We see him at both extremes of this cycle, from when he harms Elizabeth in her flashback and outbursts of aggression towards Circus Baby to his more kind treatment of Elizabeth (in telling her Circus Baby was made for her) and in his softer moments with Circus Baby as she tends to him. We even establish that he gives gifts to his children (such as the plane he gives to Vanessa in the movie) regardless of how gruesome these may be.

He is not a flat character who utterly hates or loves his family. He appears to have shallow empathy and therefore relates to them as extensions of himself; any failure on their part or harm they come to is a failure in himself, and any loss of control he feels is unacceptable. His children become part of his work because his work is part of who he is. It feels like a logical decision for a man of his psychology.

There is a strong likelihood that William is ultimately what we would formerly call a sociopath, a term which now falls under the antisocial personality disorder umbrella. William displays all of the hallmarks of the disorder, ranging from his recklessness and impulsivity to boredom, along with emotional coldness and detachment. He appears to be aware of this emotional shallowness in himself. Though he does not address this directly in the context of the games or novels, I believe he perceives this lack of emotion as one of the barriers keeping him from the greatness of his (highly emotional) partner, Henry. If I refer to sociopathy in error at any point, please know that I am referring to ASPD simply by an outdated term.

I think this is the fundamental meaning of what William says when he speaks to Charlie in the silver eyes. “We both wanted to love.” “Your father loved, and now I have loved.” he means that he has taken those emotions for himself now; he feels through the murders and the accumulation of other people’s emotional energies, he has cracked a code and has control again.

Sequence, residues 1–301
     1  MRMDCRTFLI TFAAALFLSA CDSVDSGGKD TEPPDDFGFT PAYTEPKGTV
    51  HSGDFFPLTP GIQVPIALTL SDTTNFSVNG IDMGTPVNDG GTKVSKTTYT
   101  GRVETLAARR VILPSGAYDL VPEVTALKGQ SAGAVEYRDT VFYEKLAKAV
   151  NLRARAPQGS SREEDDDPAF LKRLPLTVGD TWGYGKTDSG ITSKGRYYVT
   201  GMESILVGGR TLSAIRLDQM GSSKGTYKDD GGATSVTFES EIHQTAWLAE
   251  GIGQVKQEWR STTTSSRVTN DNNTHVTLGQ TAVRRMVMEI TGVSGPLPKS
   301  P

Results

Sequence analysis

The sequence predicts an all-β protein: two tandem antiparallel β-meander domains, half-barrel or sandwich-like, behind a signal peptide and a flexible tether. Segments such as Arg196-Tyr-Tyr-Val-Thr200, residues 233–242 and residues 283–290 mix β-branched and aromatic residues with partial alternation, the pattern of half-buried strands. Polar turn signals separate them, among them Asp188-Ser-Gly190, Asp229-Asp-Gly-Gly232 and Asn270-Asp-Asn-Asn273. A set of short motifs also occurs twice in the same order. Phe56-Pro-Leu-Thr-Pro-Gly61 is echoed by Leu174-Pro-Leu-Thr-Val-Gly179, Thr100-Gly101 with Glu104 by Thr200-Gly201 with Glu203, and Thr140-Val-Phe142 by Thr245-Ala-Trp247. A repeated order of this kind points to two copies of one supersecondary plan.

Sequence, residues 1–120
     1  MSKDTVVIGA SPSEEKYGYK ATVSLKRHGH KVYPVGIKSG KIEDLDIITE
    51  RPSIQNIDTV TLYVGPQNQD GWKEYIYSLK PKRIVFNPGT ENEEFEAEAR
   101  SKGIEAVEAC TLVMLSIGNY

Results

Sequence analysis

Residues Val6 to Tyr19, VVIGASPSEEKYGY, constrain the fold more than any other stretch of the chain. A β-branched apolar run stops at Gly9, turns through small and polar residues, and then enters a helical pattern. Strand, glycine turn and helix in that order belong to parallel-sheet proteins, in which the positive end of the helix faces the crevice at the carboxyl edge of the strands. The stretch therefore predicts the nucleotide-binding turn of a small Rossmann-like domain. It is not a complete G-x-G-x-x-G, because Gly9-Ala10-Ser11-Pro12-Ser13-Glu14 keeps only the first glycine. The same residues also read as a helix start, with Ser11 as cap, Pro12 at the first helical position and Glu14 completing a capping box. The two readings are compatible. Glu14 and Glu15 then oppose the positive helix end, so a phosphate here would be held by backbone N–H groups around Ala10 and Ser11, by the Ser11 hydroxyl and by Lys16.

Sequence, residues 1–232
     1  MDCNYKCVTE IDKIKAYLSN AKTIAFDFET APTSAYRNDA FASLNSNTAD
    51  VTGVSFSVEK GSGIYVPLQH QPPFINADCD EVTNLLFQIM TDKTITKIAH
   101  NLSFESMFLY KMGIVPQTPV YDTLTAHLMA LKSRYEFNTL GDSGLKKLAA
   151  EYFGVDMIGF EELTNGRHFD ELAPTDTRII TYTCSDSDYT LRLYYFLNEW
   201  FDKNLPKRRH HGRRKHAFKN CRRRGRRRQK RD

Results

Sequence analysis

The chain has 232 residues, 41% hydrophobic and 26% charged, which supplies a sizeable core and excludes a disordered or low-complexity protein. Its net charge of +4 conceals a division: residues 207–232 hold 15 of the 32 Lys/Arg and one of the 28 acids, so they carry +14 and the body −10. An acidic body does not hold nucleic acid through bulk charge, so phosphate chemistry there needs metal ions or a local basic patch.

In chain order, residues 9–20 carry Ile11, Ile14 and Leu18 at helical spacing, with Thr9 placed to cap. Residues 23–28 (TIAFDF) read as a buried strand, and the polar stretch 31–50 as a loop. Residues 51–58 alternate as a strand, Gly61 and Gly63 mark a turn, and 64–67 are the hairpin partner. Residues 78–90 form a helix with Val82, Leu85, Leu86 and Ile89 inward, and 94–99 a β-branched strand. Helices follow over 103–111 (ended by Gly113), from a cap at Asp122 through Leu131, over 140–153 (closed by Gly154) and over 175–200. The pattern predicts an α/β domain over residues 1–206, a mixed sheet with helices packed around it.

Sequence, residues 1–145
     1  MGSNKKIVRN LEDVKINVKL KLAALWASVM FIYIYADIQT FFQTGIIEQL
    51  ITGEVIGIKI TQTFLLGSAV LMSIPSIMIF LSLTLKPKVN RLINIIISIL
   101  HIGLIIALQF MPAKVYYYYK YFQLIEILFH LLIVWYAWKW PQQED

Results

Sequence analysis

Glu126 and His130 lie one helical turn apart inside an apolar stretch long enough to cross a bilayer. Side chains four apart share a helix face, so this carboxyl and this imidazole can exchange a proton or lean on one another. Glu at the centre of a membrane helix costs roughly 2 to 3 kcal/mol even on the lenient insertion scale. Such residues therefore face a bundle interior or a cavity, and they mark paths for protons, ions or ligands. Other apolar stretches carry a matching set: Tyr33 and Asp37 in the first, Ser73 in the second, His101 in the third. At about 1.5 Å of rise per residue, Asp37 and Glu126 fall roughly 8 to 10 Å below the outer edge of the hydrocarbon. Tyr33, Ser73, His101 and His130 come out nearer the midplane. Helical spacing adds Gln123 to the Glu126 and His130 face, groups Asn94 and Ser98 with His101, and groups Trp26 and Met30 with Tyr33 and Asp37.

Beyond the Text

The stated understanding of William is what we formally know. All I have said above can be substantiated with direct novel quotes, game scenes or moments from the movie. What follows is what we understand from the short stories.

The short stories have numerous characters with clear potential to be linked to William Afton. From Bob in Bunny Call to Jack, the belligerent owner of a failing restaurant, to the murderous Martin Copper in Submechanophobia, there are a ton of characters with apparent elements of their character which tie them to William Afton. These characters are glimmers of insight into Afton’s personality and relationships.

Now, I want to establish with this that I am not saying William Afton IS Bob from Bunny Call in a verbatim way. However, the more I see repeated themes, elements and relationships, the more validity I will give to a character regarding what they tell us about Afton. Imagine a points system or overlaying transparent character shapes one on top of the other and focusing on the areas with the most overlap. When an element accrues sufficient points or starkness, I give it more credence in my perception of the characters beneath.

Utilising this method, minor incongruities such as hair colour, name and gender cease to matter. Still, larger sweeping strokes such as personality traits, interrelationships and even thematic decisions become more evident.

Through this method, I noticed a very stable trend that came up over and over.